Hitspoker Surface Detail (Culture series Book 9):Hitspoker
Reply: 10

Surface Detail (Culture series Book 9):Hitspoker

Iain M. Banks
Iain M. Banks Published in September 24, 2018, 7:21 pm
 Surface Detail (Culture series Book 9):Hitspoker

Surface Detail (Culture series Book 9):Hitspoker


Mark S
Mark S Reply to on 22 July 2018
This isn't the best of the Culture books, there are two or three passages in need of a thorough edit for that. However, I would highly recommend anyone to read this book.

Like most of the other Culture books, it's complex and multi-threaded. But all threads very neatly come together - they never seem pointless or contrived.

At the heart of this book is an examination of the consequences of backing-up an individual's soul, personality and memories and restoring them into any number of possible virtual realities. This allows, after death, for virtual heaven or virtual hell. Indeed, the ability to force a person against their will into a virtual hell to be eternally tormented is a terrifying thought.

A brilliant read, and thoroughly thought provoking. Mr Banks, we miss you.
Sussman Reply to on 29 April 2015
Iain M Banks crafts fantastic worlds where he doesn't simply look to the future but takes possibilities to their most grand, if not a times most extreme. In this book the main protagonist is Lededje Y'breq is one of the Intagliated, her marked body an illustration of her family’s shame. For her life belongs to a man whose hankering for power is without end. She will do anything for her liberty, her release, when it comes, is at a price, and to put things right she will need the help of the Culture; an anarchist utopian society that transverses space on planets, huge space orbitals and various space faring vessels. They can be considered munificent, progressive and almost infinitely ingenious though it may be, the Culture can only do so much for any single person. With the backing of one of its most potent AI minds - and arguably unbalanced - warships, Lededje finds herself heading into a war zone not even sure which side the Culture is really on. A war - brutal, far-reaching - which is already raging within the digital realms such as virtual heavens and hells that store the souls of the dead, and it's about to erupt into reality. For physical death doesn't have to be fatal. It's a simple matter to upload your mind regularly and if your physical body suffers an accident, then a new one can be cloned and your mind popped back into it.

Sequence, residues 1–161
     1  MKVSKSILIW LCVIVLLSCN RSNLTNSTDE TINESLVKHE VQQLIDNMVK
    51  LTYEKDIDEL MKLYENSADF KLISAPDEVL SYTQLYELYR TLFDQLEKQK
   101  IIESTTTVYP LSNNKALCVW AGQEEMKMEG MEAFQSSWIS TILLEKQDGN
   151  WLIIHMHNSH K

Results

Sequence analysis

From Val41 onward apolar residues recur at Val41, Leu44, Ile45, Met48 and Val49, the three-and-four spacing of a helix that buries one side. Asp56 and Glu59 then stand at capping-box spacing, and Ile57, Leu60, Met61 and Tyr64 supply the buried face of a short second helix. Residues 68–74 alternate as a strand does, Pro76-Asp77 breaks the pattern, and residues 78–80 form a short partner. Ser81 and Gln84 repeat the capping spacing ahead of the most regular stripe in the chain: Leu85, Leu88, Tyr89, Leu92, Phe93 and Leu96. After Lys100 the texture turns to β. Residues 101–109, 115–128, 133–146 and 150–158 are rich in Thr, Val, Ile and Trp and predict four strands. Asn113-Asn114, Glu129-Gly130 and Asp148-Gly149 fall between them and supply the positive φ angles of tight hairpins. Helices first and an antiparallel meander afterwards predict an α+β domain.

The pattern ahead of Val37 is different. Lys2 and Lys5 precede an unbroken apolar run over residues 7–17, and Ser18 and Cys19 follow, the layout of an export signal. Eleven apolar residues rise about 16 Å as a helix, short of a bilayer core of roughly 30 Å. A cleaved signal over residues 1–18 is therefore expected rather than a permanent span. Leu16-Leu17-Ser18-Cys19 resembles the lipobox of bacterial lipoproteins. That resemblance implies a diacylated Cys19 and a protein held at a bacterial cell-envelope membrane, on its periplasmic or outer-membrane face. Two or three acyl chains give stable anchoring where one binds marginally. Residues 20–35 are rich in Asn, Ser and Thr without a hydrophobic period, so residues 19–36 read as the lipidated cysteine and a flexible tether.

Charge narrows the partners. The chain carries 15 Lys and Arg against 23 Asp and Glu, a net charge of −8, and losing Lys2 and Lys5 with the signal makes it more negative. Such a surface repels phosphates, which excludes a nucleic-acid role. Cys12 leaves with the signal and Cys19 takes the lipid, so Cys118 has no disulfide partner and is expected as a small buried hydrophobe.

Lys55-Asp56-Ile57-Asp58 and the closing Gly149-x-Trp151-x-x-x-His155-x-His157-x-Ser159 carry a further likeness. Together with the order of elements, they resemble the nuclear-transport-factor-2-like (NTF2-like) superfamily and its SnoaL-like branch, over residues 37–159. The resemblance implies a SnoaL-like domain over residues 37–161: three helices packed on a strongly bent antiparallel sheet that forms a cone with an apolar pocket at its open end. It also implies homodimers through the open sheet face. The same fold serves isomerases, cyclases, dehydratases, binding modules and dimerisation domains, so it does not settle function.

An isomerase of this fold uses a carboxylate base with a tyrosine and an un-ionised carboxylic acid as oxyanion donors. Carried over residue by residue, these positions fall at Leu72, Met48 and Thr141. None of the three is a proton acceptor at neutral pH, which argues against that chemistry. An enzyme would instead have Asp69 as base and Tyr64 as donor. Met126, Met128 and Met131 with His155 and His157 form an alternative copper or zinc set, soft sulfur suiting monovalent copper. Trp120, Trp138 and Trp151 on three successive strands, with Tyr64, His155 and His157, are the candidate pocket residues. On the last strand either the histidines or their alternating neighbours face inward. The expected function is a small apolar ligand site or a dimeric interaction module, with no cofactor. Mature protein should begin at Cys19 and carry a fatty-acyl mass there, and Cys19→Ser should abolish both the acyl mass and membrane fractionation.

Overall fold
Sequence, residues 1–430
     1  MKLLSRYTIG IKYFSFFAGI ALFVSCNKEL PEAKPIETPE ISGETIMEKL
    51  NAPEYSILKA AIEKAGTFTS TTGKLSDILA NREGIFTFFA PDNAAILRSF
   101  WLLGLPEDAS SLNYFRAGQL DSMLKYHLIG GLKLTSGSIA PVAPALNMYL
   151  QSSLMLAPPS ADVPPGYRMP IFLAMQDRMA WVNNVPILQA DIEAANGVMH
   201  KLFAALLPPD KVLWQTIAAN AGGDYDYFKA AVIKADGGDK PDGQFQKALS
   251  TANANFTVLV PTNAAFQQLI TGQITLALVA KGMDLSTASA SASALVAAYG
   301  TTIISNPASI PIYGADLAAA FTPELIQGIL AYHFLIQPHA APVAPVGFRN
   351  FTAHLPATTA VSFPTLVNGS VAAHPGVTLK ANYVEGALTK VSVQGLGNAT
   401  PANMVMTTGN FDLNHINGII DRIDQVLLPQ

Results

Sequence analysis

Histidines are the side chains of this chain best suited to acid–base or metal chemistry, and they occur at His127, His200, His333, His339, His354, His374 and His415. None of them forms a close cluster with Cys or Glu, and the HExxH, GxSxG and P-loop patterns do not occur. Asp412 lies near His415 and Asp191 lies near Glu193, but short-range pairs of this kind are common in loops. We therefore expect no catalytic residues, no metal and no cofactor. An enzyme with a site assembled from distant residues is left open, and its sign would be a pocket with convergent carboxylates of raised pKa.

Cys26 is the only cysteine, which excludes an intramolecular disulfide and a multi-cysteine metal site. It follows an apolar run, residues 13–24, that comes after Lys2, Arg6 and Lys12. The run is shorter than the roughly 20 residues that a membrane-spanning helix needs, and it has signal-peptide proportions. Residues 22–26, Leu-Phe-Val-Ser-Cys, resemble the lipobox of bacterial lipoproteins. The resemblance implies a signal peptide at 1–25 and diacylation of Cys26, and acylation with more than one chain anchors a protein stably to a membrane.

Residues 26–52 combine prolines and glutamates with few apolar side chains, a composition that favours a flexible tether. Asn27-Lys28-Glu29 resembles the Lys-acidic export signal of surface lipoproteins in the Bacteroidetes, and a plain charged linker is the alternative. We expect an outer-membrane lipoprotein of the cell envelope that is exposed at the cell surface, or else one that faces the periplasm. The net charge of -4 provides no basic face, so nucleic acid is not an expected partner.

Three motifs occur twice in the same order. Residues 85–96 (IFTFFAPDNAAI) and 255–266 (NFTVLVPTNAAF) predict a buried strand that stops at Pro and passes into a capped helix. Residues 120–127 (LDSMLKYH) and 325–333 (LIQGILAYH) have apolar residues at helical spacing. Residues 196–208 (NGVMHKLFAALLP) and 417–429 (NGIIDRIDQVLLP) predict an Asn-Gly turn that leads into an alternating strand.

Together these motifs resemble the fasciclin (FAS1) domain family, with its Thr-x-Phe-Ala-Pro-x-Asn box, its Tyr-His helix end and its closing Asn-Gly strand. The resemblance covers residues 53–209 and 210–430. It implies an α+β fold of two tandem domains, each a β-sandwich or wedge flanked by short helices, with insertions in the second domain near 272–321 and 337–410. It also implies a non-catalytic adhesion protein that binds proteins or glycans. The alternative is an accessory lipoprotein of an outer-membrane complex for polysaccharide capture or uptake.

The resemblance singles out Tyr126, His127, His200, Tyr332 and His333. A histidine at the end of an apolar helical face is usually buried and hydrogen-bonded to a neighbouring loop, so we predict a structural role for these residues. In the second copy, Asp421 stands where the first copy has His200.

When you read Iain M Banks Culture novels you will realise that space opera can be so, so much more, and it's all done with a razor-sharp black humour – but always with such intelligent style.
Julia Reply to on 30 January 2016
Wasted potential - that is how I would sum up this book.
Lets start with the Hells (and yes, that is plural). I thought initially that the depiction of the one that we saw was fantastic, and he really took the ''fire and brimstone'' concept beyond anything that I have ever seen. But why do we only ever see one Hell? Seems to me that all of these thousands of alien races with their thousands of different concepts of what constitutes horror could have made for some truly varied environments. Because of this, the Hell that we see ends up becoming repetitive as the same scenes of torture are replayed over and over again with only slight variations.
The ideas relating to transhumanism and virtual Heaven and Hell could easily have carried a whole book, but the whole revenge plot and the (ill- thought out) reintroduction of a past main character seems tacked on as most of his previous personality simply was not there. I found Ladeje to be a very blank, uninteresting character and Veppers had little characterisation beyond ''wealthy rapist.'' The psychotic AI warship was easily the best character - in that he actually had one.
I hate to say it, (especially as his cancer may or may not have been affecting him yet) but this seems like a very paint by numbers Culture novel. It is better than ''Inversions'' but a million miles off the ''Player of Games''.
Richard Bagshaw
Richard Bagshaw Reply to on 15 January 2014
As a teenager, I fell in love with Iain M. Banks' Culture series. There is something compelling and uplifting about his idiosyncratic brand of swashbuckling space opera. The struggles of the human citizens and the benevolent, Godlike AI Minds of the Culture, a post-scarcity society, in a galaxy teaming with often unpleasant civilisations and alien species, allows Banks plenty of room to spin entertaining yarns. Yet in his commitment to solid characterisation, and touching on some weighty issues with real-world resonance, Banks prevents the enterprise from feeling too self-indulgent; offering depth as well as entertainment.

I would, in short, highly recommend all readers with a passing interest in sci-fi give the Culture series a read. Surface Detail, however, is perhaps not the best place to start. Whilst its plot stands alone, as do all of the Culture novels', it assumes a degree of prior knowledge about the universe that new readers may find offputting. Combined with a slow start and Banks' trademark multi-stranded, complex plotting, Surface Detail could prove a slog. A better introduction for interested readers would probably be Excession or Use of Weapons.

Established fans, however, will find Surface Detail comfortingly familiar. Droll and eccentric Minds are again at the forefront of the ensemble cast, including a brilliantly psychotic, bloodthirsty warship which must rank amongst the finest of Banks' creations. A thoroughly despicable, love-to-hate villain and his strong female antagonist again also feature prominently. And Banks does a superb job, as ever, of vividly imagining a political quagmire into which the Culture is drawn, and in which its altruism runs afoul of the law of unintended consequences. For all of the ultimate moral simplicity of Surface Detail's plot, Banks does not shy away from tragic flaws in his heroes, or ambiguity in their circumstances.